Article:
I was eager to go out and discover and ready to experience other cultures,” Eve explains.

This desire would take her far away from France until her return in 2022. After Brisbane, she headed to Sydney where she set up the entire digital strategy for the city’s symphony orchestra opera house.

Next stop the New-York City Ballet, which offered her a post as marketing manager. This was a new experience that further honed her knowledge of the sector and its many facets. She explains:

The key to all this is wanting to contribute towards a mission and to commit to a meaningful career plan. This is especially true in the cultural field where salaries are often lower than you find elsewhere.”

Today, Eve works for Atout France, the government tourism development agency, as their deputy director of marketing and partnerships. This is a more institutional position than the others but also provides more scope as Eve also deals with CSR and sustainable development. This rich career path goes hand in hand with vocation and the ability to adapt.


There is no lack of skills in this department when it comes to Laura Ruiz Velasquez. She was born in Bogota, Colombia, and studied finance at Externado University before spending a year and a half in France – her very first trip abroad! – thanks to an exchange programme with Audencia.

After her time in Nantes, she completed an internship at L’Oréal in Paris and got a taste for the world of marketing.

“This trip changed my whole life. On returning to Colombia, I turned my back on finance to pursue marketing. Understanding people’s needs and dreams really appeals to me,” shares Laura.

She would go on to have several posts at Unilever in her home country and then in Mexico. Yet her career took another twist when she decided to study for an MBA in Dubai. This was in 2019 and today, in 2023, Laura is still settled there. She is currently head of marketing at an indoor play area, OliOli. She is flourishing in her role there: “It is a place for children where they can have fun, learn, and test things out. It is great fun working with this group of people. Furthermore, I am in charge of strategy here, and in a leadership position that I really love.” For the time being, Laura has no plans to leave Dubai. Over the next few years, she would however like to continue learning.... and also make a little more time for her personal life!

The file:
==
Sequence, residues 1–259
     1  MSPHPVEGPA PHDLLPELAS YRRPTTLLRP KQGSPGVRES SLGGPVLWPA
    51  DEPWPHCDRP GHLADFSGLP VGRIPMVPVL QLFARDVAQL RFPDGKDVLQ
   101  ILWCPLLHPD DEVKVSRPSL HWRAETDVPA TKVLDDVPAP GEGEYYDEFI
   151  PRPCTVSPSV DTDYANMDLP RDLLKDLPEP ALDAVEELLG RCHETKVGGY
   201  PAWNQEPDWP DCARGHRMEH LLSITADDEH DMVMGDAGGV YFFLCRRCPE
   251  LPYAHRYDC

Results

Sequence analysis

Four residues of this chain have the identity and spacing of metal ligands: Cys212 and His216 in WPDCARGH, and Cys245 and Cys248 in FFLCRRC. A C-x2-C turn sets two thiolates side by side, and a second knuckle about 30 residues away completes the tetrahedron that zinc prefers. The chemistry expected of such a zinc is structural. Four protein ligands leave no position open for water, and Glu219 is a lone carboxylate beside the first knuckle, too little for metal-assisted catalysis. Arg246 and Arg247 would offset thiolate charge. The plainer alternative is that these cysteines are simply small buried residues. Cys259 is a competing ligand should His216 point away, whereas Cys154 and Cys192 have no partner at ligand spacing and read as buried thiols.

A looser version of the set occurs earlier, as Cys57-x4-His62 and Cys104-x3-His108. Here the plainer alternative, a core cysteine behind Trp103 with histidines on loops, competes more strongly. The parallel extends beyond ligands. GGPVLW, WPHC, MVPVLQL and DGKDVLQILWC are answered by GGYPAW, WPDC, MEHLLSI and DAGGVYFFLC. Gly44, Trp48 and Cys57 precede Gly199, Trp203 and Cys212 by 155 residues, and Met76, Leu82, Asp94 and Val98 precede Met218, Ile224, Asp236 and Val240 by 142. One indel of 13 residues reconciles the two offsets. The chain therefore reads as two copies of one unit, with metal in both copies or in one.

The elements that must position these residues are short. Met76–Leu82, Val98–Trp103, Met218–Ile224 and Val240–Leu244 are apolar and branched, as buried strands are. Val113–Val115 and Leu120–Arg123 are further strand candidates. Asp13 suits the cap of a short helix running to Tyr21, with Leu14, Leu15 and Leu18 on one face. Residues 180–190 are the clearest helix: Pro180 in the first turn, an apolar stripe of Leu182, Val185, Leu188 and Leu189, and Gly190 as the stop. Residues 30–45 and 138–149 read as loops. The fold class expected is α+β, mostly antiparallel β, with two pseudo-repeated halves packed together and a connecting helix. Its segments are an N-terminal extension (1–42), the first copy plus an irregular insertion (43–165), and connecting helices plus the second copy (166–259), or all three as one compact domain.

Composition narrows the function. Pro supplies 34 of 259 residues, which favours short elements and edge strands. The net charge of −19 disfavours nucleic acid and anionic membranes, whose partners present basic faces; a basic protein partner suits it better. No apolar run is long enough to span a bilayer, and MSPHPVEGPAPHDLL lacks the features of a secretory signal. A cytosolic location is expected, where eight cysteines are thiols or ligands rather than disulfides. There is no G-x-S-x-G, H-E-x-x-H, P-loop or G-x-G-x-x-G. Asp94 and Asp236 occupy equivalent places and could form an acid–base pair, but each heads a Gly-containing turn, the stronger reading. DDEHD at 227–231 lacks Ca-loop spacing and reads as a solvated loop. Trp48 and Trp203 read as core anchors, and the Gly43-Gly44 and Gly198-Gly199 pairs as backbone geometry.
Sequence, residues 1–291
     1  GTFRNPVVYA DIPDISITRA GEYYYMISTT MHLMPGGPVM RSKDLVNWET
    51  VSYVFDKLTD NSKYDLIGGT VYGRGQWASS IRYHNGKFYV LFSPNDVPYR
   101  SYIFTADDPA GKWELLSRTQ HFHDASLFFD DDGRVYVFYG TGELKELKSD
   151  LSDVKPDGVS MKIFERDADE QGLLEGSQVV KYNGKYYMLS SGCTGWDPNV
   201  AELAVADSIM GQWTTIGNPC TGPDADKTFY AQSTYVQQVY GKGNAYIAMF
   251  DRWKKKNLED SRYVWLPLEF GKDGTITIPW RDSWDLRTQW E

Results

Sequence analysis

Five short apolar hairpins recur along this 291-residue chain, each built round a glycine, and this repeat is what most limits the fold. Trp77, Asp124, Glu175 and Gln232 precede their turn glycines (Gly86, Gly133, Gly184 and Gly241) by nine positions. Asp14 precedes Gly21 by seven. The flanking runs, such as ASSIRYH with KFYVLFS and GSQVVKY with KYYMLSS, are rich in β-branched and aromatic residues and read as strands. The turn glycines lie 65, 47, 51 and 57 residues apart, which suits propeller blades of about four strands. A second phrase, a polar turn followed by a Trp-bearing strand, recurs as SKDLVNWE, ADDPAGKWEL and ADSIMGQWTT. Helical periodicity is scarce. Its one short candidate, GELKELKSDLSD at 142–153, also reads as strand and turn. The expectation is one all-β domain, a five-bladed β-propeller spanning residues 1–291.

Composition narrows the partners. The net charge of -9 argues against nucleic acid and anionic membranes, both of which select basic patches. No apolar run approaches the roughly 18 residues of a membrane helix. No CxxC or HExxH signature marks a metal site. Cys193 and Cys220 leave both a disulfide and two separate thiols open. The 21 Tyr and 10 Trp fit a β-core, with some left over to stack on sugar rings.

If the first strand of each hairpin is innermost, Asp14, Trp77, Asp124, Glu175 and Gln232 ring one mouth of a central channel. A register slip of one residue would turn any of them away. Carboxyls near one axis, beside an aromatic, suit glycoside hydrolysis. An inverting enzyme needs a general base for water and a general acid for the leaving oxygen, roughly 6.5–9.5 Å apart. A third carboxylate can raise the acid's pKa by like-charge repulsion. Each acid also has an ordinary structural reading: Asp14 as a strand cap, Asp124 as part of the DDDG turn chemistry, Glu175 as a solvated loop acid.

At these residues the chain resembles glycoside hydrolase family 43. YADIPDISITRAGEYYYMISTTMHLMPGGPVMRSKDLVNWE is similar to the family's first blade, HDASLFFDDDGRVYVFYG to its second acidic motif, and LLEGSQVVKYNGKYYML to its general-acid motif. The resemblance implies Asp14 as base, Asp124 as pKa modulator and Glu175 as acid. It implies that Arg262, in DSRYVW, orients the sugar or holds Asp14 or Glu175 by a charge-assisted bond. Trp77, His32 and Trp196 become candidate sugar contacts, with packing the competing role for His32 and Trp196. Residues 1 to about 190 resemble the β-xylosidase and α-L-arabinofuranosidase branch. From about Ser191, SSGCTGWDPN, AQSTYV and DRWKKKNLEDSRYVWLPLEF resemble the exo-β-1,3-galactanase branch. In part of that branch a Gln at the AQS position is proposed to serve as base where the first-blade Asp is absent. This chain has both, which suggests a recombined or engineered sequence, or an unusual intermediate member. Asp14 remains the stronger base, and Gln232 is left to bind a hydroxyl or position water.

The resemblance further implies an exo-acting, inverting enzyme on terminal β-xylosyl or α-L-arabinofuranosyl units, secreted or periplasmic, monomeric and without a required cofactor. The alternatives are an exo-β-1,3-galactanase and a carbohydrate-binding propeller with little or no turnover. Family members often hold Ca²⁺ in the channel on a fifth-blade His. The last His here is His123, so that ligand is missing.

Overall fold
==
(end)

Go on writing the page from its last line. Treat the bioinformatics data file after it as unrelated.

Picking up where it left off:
Anne Dhoquois, Editor

Patronage & support

Soirées des Audacieux: alumni generosity keeps on giving


For the second year in a row, the Soirées des Audacieux organised by the Audencia Foundation – held in Nantes during the month of June and September in Paris – are events aiming to build awareness of the Foundation’s projects whilst appealing to the kind generosity of the School’s Alumni.

An incredible €37,980! This is the grand total of donations made to the Foundation during the Soirée des Audacieux, held on 19 June at the Mediacampus in Nantes. With an initial target set at €35,000, suffice to say the event turned into a tremendous success.

Hosted by journalist Cécile Lefort (SciencesCom 02), this night of fundraising was designed to bring together the Foundation’s donors for a time of thanksgiving, exchange and sharing. Invited along to share their journeys were three students who are currently being financially supported by the Foundation across three of its flagship projects: social scholarships, student entrepreneurship grants, and the Sirius Programme.